Re: Philistine arrival & settlement?
- If I may explain, I should not have mentioned Prof. Killebrew without explaining further.
In 2005 Prof. Killebrew wrote a synthesis of Philistine origins where four principal theories are debated.
If I may quote what is written under the fourth theory.
"A fourth theory, specifying southeast Anatolia (especially Cilicia) and/or Cyprus in the eastern Mediterranean, has not been clearly distinguished in past literature from the eastern Aegean theory. This theory was embraced by Gerald A. Wainwright .... who located Caphtor in Asia Minor. Based on linguistic and textual evidence and a comparative analysis of the material culture remains, I propose a variation on this theory and contend that Cyprus and possibly the surrounding regions are most likely the original point of departure of the Philistines. This is not to detract from the obvious fact that the ultimate inspiration of Aegean-style material culture in the east and Philistia lie in the Aegean, albiet removed by several generations."
Biblical Peoples and Ethnicity, Killebrew, 2005, p.231.
The important issue is that the material culture is evidently drawn from local regions, with Aegean influence certainly, but not immediate and not direct.
Ayelet Gilboa commenting on excavations at Dor makes a somewhat supportive observation.
"..The finds at Dor, however, have not lived up to expectations, and the 'western association' of the Sikila has turned out to be elusive. Though a few artifacts do find corollaries in Philistia, like a lion-headed cup, incised scapulae and bimetallic knives, the broader picture is different.
At Dor, in the earliest Iron Age phases, there are no 'western' architectural traits. The two 'domestic' units excavated are ordinary courtyard buildings of Canaanite type. There are no western figurines, and the pottery is mostly of Canaanite derivation. The Myc. IIIC and Philistine Bichrome phenomena, or anything remotely similar, do not exist there".
Fragmenting the Sea Peoples Phenomenon, Gilboa, pp.209-244, in Scripta Mediterranea Vol XXVII 2006 and XXVIII 2007.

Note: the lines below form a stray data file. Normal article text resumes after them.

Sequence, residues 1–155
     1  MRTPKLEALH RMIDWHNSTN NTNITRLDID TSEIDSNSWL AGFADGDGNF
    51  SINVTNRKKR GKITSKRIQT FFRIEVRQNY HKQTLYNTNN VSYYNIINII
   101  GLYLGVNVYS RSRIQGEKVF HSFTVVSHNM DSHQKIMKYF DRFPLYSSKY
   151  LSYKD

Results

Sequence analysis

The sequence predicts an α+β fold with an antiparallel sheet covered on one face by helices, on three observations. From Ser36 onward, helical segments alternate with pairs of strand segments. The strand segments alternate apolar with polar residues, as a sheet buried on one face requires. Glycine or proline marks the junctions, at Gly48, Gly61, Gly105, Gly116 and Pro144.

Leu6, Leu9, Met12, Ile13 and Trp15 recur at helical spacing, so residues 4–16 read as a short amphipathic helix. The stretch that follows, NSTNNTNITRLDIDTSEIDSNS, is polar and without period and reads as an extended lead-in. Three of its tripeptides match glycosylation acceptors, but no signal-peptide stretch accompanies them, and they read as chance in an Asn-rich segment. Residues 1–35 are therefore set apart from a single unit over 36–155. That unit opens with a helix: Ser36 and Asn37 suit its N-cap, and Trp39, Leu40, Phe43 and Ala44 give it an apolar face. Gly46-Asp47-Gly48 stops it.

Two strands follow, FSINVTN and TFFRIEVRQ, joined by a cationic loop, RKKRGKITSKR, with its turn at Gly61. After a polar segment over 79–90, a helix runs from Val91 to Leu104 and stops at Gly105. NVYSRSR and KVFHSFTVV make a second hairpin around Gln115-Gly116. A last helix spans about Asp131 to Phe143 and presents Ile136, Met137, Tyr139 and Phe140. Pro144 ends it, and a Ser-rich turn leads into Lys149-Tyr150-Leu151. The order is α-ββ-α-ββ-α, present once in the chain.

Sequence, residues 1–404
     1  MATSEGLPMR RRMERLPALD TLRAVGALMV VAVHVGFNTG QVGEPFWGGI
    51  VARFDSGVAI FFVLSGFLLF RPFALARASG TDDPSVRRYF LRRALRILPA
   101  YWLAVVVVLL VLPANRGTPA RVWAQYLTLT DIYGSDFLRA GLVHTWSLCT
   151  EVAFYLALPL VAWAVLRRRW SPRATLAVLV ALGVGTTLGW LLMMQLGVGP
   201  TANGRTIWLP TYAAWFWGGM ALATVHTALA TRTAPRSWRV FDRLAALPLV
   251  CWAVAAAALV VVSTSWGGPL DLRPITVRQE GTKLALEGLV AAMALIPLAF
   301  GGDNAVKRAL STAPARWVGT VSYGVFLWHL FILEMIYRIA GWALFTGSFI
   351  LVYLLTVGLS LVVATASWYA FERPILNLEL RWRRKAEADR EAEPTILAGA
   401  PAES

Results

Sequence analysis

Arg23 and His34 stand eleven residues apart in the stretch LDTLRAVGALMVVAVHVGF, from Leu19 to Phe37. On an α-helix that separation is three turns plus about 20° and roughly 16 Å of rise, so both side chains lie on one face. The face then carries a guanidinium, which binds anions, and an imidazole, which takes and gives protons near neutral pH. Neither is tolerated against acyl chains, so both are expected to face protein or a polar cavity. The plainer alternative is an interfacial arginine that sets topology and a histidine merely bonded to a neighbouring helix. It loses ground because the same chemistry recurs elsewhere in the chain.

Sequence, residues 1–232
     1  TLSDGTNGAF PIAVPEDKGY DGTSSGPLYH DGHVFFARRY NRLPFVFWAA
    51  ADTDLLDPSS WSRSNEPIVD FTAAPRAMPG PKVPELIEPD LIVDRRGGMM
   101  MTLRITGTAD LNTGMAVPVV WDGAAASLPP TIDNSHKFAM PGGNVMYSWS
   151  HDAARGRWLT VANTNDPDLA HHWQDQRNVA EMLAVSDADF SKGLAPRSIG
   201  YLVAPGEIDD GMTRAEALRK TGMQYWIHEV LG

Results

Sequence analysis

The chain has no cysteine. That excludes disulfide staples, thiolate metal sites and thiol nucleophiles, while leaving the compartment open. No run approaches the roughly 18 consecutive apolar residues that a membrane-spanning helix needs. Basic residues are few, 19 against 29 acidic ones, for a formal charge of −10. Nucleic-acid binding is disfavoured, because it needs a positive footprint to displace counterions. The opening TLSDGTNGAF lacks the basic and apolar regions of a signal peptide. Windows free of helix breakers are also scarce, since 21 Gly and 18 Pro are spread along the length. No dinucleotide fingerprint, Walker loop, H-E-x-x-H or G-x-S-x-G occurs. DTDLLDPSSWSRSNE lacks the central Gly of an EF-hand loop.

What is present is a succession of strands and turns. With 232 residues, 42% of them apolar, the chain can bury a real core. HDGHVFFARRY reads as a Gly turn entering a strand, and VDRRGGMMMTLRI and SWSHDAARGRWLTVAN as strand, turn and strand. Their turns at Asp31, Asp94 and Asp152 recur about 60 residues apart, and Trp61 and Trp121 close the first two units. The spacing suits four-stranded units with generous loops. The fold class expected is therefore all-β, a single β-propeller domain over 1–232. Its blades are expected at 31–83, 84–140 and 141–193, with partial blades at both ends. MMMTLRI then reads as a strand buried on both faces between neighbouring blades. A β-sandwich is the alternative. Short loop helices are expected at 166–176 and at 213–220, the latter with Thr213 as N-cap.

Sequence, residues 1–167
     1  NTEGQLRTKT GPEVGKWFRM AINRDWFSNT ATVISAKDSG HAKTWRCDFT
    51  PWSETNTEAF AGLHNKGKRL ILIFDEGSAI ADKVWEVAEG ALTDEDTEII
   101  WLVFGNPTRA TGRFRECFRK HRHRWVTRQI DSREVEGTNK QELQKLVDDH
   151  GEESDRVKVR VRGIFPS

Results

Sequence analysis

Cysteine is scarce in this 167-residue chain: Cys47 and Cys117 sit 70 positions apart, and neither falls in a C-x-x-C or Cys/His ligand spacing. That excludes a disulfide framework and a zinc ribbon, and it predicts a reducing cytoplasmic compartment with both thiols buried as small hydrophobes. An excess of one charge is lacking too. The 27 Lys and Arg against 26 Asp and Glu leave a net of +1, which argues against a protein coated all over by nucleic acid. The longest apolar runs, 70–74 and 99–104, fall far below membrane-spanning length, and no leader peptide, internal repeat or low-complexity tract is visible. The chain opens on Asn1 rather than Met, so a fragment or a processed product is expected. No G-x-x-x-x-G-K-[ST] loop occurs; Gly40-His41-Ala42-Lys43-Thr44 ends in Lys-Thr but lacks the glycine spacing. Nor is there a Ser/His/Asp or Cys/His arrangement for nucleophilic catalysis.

Indications of local origins, in some cases displaying Aegean influences, but not Aegean origins.
Best Wishes, Jon Smyth
--- In ANEemail@example.com, "Jon Smyth" <driver40386@...> wrote:
> As for sources, the last publication I obtained was Scripta Mediterranea, 2006-7, but use several earlier publications of 'Sea Peoples' monographs.
> If my memory serves, I was reflecting a similar view on Sea Peoples origins as espoused by Anne Killebrew.
> Best Wishes, Jon Smyth
> Kitchener, On.
Once again, I'm rather hesitant to get into this, since the ongoing back and forth is most often done on the basis of "party lines" and self-perceived "truths" and often without reference to the latest research in various areas.
I was not, in any way stating who has the truth or not, at this or that university. For that matter, I felt that both sides of what appeared to be a completely aimless argument were not arguing about details of the most updated discussions and recent evidence of the LB destructions and/or the Sea Peoples, but rather going over their "party lines" - of which each side was totally convinced that his/her "truth" had "won" long ago (and nothing scares me more [in research, religion and politics] than those who know for sure that they are absolutely right).
Simplistic conceptions of the various ideological divisions and scholarly camps are really only useful if you are interested in the debate - and not the content (or the history and sociology of research). Current research, with an overflow of wide ranging data, has shown, in my humble opinion, if anything, that the various ideological "camps" of the historical reconstruction of the beginning of the Iron Age are all wrong (or if you want, they are all partially right)! Things were much more complicated than previously assumed.
For example, the simplistic explanation of the Philistines as monolithic conquerors does not hold - but neither does the often repeated mantra that there is no evidence of the influx of Aegean (or rather "western") oriented cultural elements. Au contraire - there is plenty of evidence of this, and that it can most probably be connected to the actual arrival of bona fide "bodies" who carried these cultural influences to the Levant.
And to make things ever more multi-faceted, this is true to varying degrees in different areas, such as if we compare the situation in Philistia, Phoenicia and the Amuq. To try and explain away all these things in simplistic terms may sound good in a debating society - but not for those of us who are intimately involved in the nitty-gritty details of the relevant archaeological finds.
Knowing Hebrew is not a sine qua non for studying the archaeology of this region, just like you can study the archaeology of Denmark, or Finland, without knowing the local languages. But, it can be very helpful (to say the least, as you well know).
AND, when dealing with a topic such as the destruction of Hazor (which much of the recent discussion on this list was not demonstrating an awareness of much of the most updated research), if the most recent discussion is in Hebrew, it is worthwhile to relate to it.
But hey - I've long ago had the feeling that this list is all too often more about the sociology of research and the psychology of the researchers, than research itself.
But that is my opinion - and what do I know...